Let’s look at a simple way to manage complex or multiple projects without dropping the ball.

Why we need a weekly recap

You really don’t need weekly recaps if your projects are always on time, on budget and within scope. However it is extremely rare to have the perfect requirements, perfect team and perfect execution from day one.

Gone are the days when a team would have more time and resources available than budgeted. Without weekly meetings to keep everyone informed and on track, and with people are more distracted than ever, it is easy to fall into tasks slipping, scope increase, time delays and ultimately cost overage.

A Gartner survey suggested more than 50% of projects fail. With so much at risk for execution we need an effective and consistent way to handle project updates and accountability.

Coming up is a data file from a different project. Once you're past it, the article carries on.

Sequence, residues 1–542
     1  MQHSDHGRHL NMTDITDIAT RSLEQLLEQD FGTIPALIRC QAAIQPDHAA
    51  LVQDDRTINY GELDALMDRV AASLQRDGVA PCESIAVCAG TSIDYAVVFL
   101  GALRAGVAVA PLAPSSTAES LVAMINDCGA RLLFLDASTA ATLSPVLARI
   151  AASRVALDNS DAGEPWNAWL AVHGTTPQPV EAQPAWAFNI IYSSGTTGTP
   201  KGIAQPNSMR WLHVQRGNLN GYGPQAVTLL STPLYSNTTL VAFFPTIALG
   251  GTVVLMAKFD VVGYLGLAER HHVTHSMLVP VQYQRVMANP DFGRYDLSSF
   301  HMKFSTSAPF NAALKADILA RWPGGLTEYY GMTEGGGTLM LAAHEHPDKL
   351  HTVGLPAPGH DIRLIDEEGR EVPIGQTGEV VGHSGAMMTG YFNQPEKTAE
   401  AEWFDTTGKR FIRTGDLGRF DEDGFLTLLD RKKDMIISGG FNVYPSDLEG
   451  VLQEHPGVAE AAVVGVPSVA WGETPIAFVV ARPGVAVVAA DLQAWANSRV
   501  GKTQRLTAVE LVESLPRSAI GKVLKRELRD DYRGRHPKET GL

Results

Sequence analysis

How to run weekly review meetings

The important thing here is to ensure that all team members are making their assigned updates to different systems in their own time. It’s important for the entire team to follow a consistent system of documentation, communication and file storage, and be able to provide a succinct update to the rest of the team at the weekly meeting. Any action items and questions need to be prepared in advance and ready to share.

Below is the simple outline of how a smoothly run meeting should go:

  • 0-5 minutes: Status Update – Highlight critical updates, tasks completed
  • 5-15 minutes: Review decision register, open items, address issues
  • 15-20 minutes: Review project plan for past week and upcoming week
  • 20-29 minutes: confirm next actions and assignments

The key idea of meetings is to discuss possible solutions, decide action items, and make decisions in the meeting rather than trying to review status or start working on any action item. Work needs to be done outside of the meeting, decisions are the primary function of the meeting.

Get more productivity tips and information from the book Teamwork and Collaboration: How to select and use right productivity environment for you and your team.

 

Related post: The Case for Having Really Long Meetings